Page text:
"God moves in mysterious ways, His wonders to perform..." William Cowper

Monday, October 15, 2012

The Right To Write

As writers, we can be confident of our protection under the First Amendment, a wonderful thing. But are there times when the right to our words blurs, are there times when the line isn’t clear, when our words could do more harm than good? What do we do in these situations?

I was recently talking to a close writing friend who struggled with such issues. She’d been writing a fictitious story surrounding a real-life event from her past, involving one of her parents. The event was painful, but my friend had forgiven her parent and was twisting it into something good. Her story of redemption was born of a desire to help young girls who had gone through similar circumstances.

Nearing the end of the writing process, my friend was assailed by doubts. Of course she wanted to help others, but would she be hurting her parent in the process? No matter that the parent had been completely at fault, that the sin was theirs to own, my friend wanted to forge a relationship, not break it apart.

After a talk with her parent, she became even more discouraged. Said parent was against her writing such a story.

What to do?

When my friend came to me with her problem, I could see the passion she held for her story, the desire to make beauty out of the bleak ashes of her past. But could such beauty come to light beneath the disapproving heavy hand of her history?

When I’d last left my friend, I felt some of the old anger at her parent churning. She would write the story, and that was that.

Part of me cheers her on. Her past is her story, and she could do what she pleases with it—particularly in the fictional world.

Another part of me doesn’t want to see her relationship with her parent further bruised.

So sure, we do have a right to use our words however we want, but my question to you, my blog-readers, is this: are there times we should opt not to use such rights? How do we decide between the costs? Should we dare stop the opportunity of good overcoming evil?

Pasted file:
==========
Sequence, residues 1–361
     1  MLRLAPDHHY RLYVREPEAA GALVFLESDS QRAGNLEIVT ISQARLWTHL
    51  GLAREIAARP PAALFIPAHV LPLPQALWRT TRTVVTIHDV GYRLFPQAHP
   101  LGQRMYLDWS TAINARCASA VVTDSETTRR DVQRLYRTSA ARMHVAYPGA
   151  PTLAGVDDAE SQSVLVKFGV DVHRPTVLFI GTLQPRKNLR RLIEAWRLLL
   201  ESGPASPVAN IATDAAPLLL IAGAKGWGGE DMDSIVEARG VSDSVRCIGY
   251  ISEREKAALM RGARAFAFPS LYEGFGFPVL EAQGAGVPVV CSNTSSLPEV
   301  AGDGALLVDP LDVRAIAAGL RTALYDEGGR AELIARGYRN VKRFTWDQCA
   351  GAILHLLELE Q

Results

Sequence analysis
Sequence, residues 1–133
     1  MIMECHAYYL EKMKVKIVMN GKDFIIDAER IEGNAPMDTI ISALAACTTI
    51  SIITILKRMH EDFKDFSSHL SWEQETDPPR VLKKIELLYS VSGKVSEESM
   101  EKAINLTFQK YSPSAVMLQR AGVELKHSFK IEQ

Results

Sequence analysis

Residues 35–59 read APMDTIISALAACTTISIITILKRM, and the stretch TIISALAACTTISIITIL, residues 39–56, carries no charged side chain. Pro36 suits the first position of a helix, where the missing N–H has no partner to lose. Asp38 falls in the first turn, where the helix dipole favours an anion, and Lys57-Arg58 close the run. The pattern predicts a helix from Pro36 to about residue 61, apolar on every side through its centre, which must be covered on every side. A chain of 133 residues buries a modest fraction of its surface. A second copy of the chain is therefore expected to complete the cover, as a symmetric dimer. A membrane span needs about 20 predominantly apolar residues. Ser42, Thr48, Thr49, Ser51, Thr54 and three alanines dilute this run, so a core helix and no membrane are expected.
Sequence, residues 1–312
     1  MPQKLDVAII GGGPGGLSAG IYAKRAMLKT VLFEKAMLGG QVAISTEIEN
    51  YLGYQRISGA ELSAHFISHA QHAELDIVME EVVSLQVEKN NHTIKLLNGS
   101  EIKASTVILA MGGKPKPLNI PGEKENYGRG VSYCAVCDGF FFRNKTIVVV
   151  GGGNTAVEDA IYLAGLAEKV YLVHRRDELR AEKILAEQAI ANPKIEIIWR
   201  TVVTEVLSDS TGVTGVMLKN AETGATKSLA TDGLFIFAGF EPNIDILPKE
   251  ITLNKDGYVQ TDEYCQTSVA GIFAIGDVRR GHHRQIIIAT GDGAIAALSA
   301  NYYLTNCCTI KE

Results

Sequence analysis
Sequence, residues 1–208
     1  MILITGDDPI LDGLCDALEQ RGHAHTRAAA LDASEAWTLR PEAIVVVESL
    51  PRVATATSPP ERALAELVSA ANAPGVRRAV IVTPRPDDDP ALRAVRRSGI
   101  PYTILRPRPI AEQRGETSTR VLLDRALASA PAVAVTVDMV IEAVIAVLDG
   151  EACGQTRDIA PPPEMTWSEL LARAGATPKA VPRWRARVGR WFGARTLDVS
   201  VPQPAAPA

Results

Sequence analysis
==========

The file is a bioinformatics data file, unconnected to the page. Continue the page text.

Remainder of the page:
1. I think it's going to be different for every person. Someone else really can't answer it for her. I think she's got to pray and see how God directs.

    I can see the dilemma for sure. What a tough thing... :(

  2. I always drive myself crazy when I give answers like this, but honestly, it seems like one of those things people have to pray about and decide for themselves...maybe with the help of trusted, wise mentors. Because sometimes, that nudge in our spirit might really be God saying, write this, do it, even if it's hard. Other times, the niggle of concern is the Holy Spirit holding us back from doing something that could do more damage than good. But yeah, like Linds said, what a dilemma!

  3. Wow, words of wisdom from two ladies I very much respect! I think you're both right--and as much as I want to give the right advice, it probably is just one of those many gray areas.

    Thanks for helping me out on this, ladies!

  4. Wow, tough question, Heidi. I have a similar book on my hard drive that dredged up some ugliness of the past. In the end, I was at peace with recognizing it as a way to flesh out my own hurts and move on with God's grace. (In other words, no one else will ever see the story. :))

    But that may not be all God has planned for someone else's story. Whether it's His will that others see it or not will become clear if the person pursues publication. Rejections have a good way of letting us know whether He intends something for readers or just the writer.

    1. Hmmm, I hadn't even thought of that, Sarah. Thanks so much for sharing your own experience with me.